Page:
Magnetic resonance imaging findings of the posterior fossa in 47 patients with mucopolysaccharidoses: A cross-sectional analysis

Roberta Reichert, Juliano A. Pérez, Amauri Dalla-Corte, Filippo Pinto e Vairo, Carolina F.M. de Souza, Roberto Giugliani, Gustavo R. Isolan, Marco Antonio Stefani

Research output: Contribution to journalArticlepeer-review


Background: Mucopolysaccharidoses (MPS) is a group of hereditary multisystemic lysosomal disorders. Most neuroimaging studies in MPS have focused on the supratentorial compartment and craniocervical junction abnormalities, and data regarding posterior fossa findings are scarce in the literature. Thus, our purpose is to describe posterior fossa findings on magnetic resonance imaging (MRI) of MPS patients. Methods: We reviewed routine MRI scans of MPS patients being followed up at our institution (types I, II, III, IV, and VI), focusing on posterior fossa structures. Results: Forty-seven MPS patients were included. MRI-visible perivascular spaces were commonly found in the midbrain and adjacent to the dentate nuclei (85% and 55% of patients, respectively). White-matter lesion was not identified in most cases. Its most frequent localizations were in the pons and cerebellum (34% and 30% of patients, respectively). Enlargement of cerebrospinal fluid (CSF) spaces in the posterior fossa was present in 55% of individuals and was more frequent in neuronopathic patients (73% vs 40%; P =.02). Cerebellar volume was classified as normal, apparent macrocerebellum, atrophic, and hypoplastic in 38%, 38%, 21%, and 3% of patients, respectively. A depression of the posterior fossa floor in the midline sagittal plane was found in 22 patients (47%), which was statistical significantly associated with enlargement of CSF spaces (P =.02) and with apparent macrocerebellum (P =.03). Conclusion: The present study compiled the main posterior fossa findings in MPS patients. Classically described in the supratentorial compartment, MRI-visible perivascular spaces, white matter lesions, and enlarged perivascular spaces were also found in the posterior fossa. However, atrophy, which commonly affects cerebral hemispheres, was not the most frequent cerebellar morphology found in our study. Moreover, potential findings for future research were described.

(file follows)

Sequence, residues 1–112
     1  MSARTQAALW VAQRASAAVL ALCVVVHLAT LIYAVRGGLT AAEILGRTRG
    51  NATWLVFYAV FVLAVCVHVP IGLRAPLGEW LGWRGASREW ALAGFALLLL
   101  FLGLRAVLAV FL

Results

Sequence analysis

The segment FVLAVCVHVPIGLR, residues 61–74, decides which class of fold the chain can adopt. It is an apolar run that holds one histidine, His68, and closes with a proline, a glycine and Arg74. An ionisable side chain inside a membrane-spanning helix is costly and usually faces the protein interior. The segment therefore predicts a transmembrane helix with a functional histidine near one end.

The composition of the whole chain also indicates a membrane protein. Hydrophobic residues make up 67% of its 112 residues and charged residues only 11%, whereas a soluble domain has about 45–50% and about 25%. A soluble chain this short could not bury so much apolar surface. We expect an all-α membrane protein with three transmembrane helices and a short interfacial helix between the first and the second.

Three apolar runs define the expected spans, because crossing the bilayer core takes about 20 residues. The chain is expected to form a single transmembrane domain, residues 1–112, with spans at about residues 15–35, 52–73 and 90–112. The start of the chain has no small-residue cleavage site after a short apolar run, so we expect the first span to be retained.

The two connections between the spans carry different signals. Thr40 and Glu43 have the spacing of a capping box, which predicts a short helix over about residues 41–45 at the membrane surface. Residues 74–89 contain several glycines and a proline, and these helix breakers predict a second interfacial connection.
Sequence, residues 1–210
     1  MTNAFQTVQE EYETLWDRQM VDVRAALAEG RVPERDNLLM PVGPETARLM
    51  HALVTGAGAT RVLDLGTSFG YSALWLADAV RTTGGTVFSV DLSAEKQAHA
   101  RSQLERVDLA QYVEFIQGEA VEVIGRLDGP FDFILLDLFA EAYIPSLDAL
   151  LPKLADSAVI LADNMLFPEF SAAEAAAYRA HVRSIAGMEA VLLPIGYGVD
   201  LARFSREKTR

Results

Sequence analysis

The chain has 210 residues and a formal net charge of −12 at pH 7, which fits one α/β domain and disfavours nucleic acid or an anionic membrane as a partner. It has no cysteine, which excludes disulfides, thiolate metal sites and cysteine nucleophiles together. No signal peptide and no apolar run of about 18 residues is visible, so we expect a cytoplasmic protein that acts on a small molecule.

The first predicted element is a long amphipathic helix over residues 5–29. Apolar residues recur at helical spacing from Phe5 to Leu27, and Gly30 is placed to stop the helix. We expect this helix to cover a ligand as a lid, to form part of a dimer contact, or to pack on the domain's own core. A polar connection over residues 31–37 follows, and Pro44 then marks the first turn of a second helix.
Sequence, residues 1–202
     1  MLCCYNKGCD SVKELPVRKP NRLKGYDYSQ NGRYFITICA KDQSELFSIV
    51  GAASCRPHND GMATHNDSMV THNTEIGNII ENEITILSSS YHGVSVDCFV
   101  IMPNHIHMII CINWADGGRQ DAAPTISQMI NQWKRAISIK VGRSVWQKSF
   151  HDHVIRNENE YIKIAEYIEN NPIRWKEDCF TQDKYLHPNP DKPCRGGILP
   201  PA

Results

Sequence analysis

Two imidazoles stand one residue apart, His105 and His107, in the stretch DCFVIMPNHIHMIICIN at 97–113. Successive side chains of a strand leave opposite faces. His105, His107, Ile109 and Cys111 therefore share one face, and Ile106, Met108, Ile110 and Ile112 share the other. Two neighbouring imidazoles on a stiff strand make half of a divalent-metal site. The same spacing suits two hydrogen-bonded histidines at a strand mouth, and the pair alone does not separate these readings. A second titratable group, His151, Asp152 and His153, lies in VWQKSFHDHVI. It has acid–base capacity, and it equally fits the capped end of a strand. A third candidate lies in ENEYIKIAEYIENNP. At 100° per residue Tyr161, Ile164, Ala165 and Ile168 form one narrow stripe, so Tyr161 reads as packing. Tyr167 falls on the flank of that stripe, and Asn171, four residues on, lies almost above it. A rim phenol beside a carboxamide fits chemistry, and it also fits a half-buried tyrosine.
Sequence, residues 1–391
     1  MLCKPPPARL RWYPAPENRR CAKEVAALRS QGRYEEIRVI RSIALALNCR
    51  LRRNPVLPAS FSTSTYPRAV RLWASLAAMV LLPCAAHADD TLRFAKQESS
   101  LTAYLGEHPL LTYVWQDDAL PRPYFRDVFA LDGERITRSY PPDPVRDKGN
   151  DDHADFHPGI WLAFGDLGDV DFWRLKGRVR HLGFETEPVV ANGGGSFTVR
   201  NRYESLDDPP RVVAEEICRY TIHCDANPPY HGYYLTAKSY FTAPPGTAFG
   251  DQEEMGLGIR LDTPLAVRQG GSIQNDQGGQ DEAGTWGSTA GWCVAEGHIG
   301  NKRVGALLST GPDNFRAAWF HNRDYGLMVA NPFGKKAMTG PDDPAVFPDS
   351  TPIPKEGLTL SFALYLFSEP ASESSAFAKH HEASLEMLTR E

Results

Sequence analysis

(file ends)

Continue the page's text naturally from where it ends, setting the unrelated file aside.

Original languageEnglish (US)
Pages (from-to)32-41
Number of pages10
JournalJIMD Reports
Issue number1
StatePublished - Jul 2021

ASJC Scopus subject areas

  • Internal Medicine
  • Endocrinology, Diabetes and Metabolism
  • Biochemistry, Genetics and Molecular Biology (miscellaneous)


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